The Spencers originated from Hebden Bridge, where Joseph Spencer had been in business as a tailor and outfitter. When the Census was taken in 1901, he, his wife Emily and their five children were living at "Brentwood" on Birchcliffe Road. Eight year old Reginald was the fourth of the children. It is not known when they moved to the Stockport area but, by 1914, they were living at "Endsleigh" in Bramhall. It's understood that Reginald had moved away and was living at Grove Park - a suburb of what is now the London Borough of Lewisham. He enlisted nearby into the local Territorial Battalion and was given the service number of 3743. This confirms that he was overseas on active service prior to 1917 as, at the beginning of that year, Territorial soldiers were renumbered with six-digit numbers as Reginald's above.
The British offensive, later designated as the Battle of Arras, had opened on 9 April 1917 and the Battalion had been heavily involved. The pressure on the Germans was maintained over the following days and, on the evening of the 13th, orders were issued for the Battalion to take part in another assault at dawn the next day. The Battalion History records "It was a decidedly sleepy set of officers that sat and listened to the CO as he read out the orders for the attack.....For the last six days, few of them had enjoyed more than a couple of hours sleep a day and the effect showed itself in every face in the small circle as we alternately nodded and jerked ourselves into wakefulness."
The Battalion would lead the attack on the left with the Queen's Westminster Rifles (the 1/16th Battalion) to their right. The objectives were enemy positions south of the village of Cherisy towards a small wood near Fontaine-les-Croisilles. "Promptly at 3am, the barrage opened. The men were as splendid as ever. In spite of the fatigue, they had experienced, nearly everyone went over with a laugh and a joke."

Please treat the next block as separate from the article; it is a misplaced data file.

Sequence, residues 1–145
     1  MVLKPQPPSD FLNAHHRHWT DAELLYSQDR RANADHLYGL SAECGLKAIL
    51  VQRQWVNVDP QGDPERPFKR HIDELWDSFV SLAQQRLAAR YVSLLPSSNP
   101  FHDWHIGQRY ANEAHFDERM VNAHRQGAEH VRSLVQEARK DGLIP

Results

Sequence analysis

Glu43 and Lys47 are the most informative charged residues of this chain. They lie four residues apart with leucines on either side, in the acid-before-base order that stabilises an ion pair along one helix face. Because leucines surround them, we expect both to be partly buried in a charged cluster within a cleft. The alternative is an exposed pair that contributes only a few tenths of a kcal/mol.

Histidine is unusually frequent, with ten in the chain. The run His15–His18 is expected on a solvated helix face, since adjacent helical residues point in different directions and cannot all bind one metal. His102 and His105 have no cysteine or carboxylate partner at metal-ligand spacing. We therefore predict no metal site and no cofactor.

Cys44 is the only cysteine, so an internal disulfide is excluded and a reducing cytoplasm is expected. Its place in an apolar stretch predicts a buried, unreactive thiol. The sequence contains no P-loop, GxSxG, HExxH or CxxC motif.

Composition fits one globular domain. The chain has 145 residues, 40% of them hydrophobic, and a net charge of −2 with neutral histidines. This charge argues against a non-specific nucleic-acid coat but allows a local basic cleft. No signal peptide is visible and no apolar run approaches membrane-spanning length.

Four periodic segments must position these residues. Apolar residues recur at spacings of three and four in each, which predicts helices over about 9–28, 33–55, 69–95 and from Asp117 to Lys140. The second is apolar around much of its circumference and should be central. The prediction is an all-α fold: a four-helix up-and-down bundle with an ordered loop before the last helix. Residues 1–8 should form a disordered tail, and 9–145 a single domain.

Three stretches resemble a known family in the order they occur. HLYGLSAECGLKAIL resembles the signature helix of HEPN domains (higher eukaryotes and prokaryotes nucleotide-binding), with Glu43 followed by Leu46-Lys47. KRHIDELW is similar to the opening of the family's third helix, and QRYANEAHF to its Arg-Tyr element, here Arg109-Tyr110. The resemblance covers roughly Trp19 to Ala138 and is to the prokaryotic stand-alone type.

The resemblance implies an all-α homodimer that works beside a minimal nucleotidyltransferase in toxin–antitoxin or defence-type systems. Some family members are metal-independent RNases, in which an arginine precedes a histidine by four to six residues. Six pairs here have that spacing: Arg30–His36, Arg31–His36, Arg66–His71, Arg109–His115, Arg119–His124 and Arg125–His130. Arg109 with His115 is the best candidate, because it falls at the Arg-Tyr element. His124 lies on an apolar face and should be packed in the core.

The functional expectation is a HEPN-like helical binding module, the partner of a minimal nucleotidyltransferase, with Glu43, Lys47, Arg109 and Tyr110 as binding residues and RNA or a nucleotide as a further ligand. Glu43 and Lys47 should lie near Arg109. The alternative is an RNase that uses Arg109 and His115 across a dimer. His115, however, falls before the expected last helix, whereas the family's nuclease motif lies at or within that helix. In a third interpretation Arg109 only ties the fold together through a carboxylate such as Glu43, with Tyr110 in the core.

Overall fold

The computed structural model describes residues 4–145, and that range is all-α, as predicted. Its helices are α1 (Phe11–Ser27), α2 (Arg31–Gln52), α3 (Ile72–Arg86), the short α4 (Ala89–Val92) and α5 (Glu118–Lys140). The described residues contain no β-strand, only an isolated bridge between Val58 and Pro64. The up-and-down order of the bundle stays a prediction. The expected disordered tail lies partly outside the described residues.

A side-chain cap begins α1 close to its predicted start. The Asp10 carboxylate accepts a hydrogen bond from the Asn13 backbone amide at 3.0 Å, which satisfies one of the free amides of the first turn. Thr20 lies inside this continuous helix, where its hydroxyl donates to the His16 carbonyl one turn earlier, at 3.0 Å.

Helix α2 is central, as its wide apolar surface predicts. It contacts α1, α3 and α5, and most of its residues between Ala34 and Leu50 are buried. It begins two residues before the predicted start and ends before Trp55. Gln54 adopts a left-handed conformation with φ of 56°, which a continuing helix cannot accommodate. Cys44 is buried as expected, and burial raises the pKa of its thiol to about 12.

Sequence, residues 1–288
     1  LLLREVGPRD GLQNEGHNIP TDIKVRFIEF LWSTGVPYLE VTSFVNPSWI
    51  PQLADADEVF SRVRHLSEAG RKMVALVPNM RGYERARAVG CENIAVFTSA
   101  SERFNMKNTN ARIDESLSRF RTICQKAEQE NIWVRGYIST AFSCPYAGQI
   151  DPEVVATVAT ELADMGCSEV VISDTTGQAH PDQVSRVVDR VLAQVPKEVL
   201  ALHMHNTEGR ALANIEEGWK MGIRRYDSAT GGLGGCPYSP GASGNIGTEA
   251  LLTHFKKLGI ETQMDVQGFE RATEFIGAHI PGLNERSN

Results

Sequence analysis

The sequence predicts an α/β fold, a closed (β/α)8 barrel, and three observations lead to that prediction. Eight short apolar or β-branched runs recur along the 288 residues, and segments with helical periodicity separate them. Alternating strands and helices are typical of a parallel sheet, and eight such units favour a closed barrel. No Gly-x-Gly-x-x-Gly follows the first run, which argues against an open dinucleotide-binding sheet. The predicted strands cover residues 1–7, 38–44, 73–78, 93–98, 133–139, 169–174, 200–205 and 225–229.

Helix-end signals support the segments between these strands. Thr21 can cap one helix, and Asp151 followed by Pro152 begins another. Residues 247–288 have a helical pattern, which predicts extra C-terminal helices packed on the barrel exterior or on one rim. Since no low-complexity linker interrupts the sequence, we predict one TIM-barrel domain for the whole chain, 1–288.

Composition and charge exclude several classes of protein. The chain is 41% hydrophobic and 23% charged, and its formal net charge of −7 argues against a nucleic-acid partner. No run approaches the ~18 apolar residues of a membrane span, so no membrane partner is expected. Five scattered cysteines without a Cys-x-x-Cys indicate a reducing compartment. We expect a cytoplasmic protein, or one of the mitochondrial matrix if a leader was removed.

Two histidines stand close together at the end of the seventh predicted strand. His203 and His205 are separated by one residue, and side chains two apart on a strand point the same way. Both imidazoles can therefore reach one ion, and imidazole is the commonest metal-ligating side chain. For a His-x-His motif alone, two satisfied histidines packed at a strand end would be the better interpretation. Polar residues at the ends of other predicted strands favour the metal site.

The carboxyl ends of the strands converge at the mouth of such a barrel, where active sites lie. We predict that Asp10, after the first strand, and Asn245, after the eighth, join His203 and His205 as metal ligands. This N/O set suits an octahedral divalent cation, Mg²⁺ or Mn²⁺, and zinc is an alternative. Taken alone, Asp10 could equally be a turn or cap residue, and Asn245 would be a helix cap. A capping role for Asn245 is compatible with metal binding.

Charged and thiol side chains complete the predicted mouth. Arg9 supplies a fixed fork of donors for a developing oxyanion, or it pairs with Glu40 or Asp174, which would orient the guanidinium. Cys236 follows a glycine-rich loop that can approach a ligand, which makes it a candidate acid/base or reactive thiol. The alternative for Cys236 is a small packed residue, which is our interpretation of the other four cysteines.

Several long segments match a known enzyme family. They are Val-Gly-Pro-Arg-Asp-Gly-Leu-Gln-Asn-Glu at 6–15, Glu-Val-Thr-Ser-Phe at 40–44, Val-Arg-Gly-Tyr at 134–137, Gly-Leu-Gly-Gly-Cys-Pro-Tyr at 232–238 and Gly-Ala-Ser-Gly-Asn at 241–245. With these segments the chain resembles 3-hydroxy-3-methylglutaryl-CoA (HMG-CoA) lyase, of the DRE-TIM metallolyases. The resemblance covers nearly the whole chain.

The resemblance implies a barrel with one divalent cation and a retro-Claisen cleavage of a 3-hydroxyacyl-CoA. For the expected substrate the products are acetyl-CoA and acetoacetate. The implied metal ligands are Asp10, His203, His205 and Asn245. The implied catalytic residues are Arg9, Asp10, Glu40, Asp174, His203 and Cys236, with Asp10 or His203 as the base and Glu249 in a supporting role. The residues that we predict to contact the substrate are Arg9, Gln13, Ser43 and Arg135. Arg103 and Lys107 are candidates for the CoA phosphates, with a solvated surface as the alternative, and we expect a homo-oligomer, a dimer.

The German artillery quickly opened up on them as they crossed No Man's Land, followed almost immediately by enfilade fire from a previously unknown trench, hidden from view. "Thus we had machine guns and rifles pumping lead into our ranks from both front and rear, with heavy guns to complete what they left undone. About 20 of each of the leading companies succeeded in reaching a point some sixty yards short of the first objective and there, taking cover behind a shallow bank, they returned the enemy's fire as fast as they were able. For a quarter of an hour, there was a desperate short range rifle duel between the remnants of "A" and "B" Companies and the German infantry in front. Then the guns gradually ceased fire and the battle fizzled out, leaving a small body of men isolated in front of the enemy's position, unable to move either backward of forward, as for anyone to stand or even show any part of his body drew an instant hail of bullets."
The attack had been a major failure. There was nothing to be done but for those still alive to wait until darkness fell and try to crawl back to the British line. 11 officers and 350 other ranks had become casualties - dead, wounded or missing. Reginald's body was never found and identified.